• Foray also did the uncredited overdub of the daughter in the final episode of The Twilight Zone, The Bewitchin’ Pool, which was one of the most inept productions Rod Serling ever put his name on. Her interview in the DVD bonus features for the Talky Tina episode is worth watching for more info on her early career.

    • Wasn’t that Mary Badham (Scout in “To Kill a Mockingbird”) as the daughter?

      Other places I’d heard June’s voice: in the Dick Powell movie “Susan Slept Here,” he played a screenwriter, and he’s watching a movie he scripted on TV – we hear Foray and Paul Frees enact the romantic dialogue. In the cheesy mid-60s flick “The Perils of Pauline,” based on the 1914 serial, June is heard as baby Pauline.
      I had a tape of old commercials some years ago; there was one for Mattel’s talking Matty, Sisterbelle and Casper dolls (probably taken from “Matty’s Funday Funnies”), and June voiced all three. Oh, yeah, and the Chatty Cathy doll – June did the voice on the commercial. I don’t know if her voice was heard on the actual dolls.

    • She also voiced the dragon in the Lost in Space episode “The Questing Beast” (with her Dudley DoRight co-star Hans Conried playing the knight chasing the dragon) and the “Mama Bear” in the live-action feature The Two Little Bears (1961). I don’t think she was credited for either one.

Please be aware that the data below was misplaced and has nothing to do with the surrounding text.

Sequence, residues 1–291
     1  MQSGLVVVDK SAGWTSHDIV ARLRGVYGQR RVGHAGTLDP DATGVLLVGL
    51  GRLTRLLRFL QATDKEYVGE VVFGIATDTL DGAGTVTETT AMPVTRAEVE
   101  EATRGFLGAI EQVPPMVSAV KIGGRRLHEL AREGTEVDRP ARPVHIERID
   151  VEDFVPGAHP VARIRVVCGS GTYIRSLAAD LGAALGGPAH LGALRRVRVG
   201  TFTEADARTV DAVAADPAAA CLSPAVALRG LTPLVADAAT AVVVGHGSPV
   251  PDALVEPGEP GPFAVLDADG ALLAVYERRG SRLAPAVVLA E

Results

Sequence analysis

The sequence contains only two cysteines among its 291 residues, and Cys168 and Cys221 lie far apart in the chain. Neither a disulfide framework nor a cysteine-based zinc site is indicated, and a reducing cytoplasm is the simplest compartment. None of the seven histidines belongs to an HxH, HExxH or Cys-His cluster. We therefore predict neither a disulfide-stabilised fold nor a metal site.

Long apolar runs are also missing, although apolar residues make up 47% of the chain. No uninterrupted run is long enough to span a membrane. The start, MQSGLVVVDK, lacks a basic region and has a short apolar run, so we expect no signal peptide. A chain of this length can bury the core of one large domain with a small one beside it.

• June Foray was involved in one of my more embarrassing moments. She was on a panel at the San Diego Comicon one year, and when the floor was opened to questions, I asked about her voice part in the 1989 “Little Nemo” movie. She looked a little blank and said she wasn’t in that movie, and wasn’t “Little Nemo” something from the Thirties? I knew I had seen her name in the credits, but since she obviously didn’t remember doing the part (or even the movie itself), it seemed futile to push it, so I let it slide while everybody in the audience probably wondered if I was disconnected in the head or something. I just checked the IMDB for that movie, and she’s listed in the Cast and Crew for doing the voice of a character referred to as “The Librarian.” I don’t remember the character (though it has been a while since I’ve seen the movie), and I wonder if it Foray’s scene was cut in the final edit (probably what I wanted to ask her about). But Foray has done so much work over the years that it’s understandable if she doesn’t remember everything…